It is now well recognised that infiltration of adipose tissue with pro-inflammatory macrophages (white blood cells) is an important factor in the development of the metabolic complications of obesity.
In a paper we published in HYPERTENSION in 2005, we examined the relationship between markers of macrophage activitation (DC11b) on circulating monocytes and expression of pro-inflammatory genes in adipose tissue biopsies. We also used in-vivo microdialysis to examine glucose metabolism in adipose tissue.
We found that participants with higher CD11b expression on monocytes also had increased expression of the macrophage marker CD68 in adipose tissue.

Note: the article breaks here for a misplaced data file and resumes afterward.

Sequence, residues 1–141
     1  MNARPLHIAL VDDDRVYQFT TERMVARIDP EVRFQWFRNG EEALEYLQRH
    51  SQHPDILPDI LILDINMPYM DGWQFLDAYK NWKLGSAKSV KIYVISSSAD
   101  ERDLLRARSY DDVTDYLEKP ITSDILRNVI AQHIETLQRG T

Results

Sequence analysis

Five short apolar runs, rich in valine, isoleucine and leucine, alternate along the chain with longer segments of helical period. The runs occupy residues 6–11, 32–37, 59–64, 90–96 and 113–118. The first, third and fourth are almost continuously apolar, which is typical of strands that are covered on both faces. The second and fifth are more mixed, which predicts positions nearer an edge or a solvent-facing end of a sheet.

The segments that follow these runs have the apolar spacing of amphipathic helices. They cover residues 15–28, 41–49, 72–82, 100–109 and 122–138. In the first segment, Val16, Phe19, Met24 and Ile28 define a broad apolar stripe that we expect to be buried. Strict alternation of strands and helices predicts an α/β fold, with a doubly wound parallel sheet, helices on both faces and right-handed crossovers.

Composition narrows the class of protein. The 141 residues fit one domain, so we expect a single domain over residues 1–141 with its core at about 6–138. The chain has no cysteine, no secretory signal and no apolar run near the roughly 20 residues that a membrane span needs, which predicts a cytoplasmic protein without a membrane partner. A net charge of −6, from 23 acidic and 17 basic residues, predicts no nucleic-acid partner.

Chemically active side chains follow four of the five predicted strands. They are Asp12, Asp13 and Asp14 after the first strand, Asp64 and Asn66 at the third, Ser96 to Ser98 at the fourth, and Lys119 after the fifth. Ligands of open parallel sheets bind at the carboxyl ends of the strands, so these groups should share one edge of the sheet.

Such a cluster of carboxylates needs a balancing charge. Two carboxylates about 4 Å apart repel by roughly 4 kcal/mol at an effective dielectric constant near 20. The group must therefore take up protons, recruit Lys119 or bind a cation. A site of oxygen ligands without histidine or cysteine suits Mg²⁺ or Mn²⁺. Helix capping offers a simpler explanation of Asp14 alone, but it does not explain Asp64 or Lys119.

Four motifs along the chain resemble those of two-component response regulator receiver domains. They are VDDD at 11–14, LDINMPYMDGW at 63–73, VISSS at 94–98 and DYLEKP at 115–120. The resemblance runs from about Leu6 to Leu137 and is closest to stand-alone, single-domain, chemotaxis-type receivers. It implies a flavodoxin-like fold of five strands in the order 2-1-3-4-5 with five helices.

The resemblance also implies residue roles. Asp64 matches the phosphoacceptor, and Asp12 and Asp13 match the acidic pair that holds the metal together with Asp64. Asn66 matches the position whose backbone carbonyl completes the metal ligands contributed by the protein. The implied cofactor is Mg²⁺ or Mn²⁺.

Although we found no differences in systemic insulin sensitivity, subjects with higher peripheral CD11b expression also showed a markedly augmented increase in dialysate glucose in adipose tissue during oral glucose tolerance testing as well as increased adipose tissue lipolysis.
Thus, out data showed that human monocyte activation is associated with tissue-specific changes in glucose and lipid metabolism, which may in part be explained by monocyte/macrophage infiltration of adipose tissue.
Since then, the concept of adipose tissue inflammation and its relation to metabolic complications of obesity have been well characterized and this continues to be a hot area of research.
Indeed, there is now much data to support the notion that it may well be that the presence or absence of adipose tissue inflammatory response is the key defining difference between those who are considered metabolically ‘healthy’ obese and those who develop metabolic complications.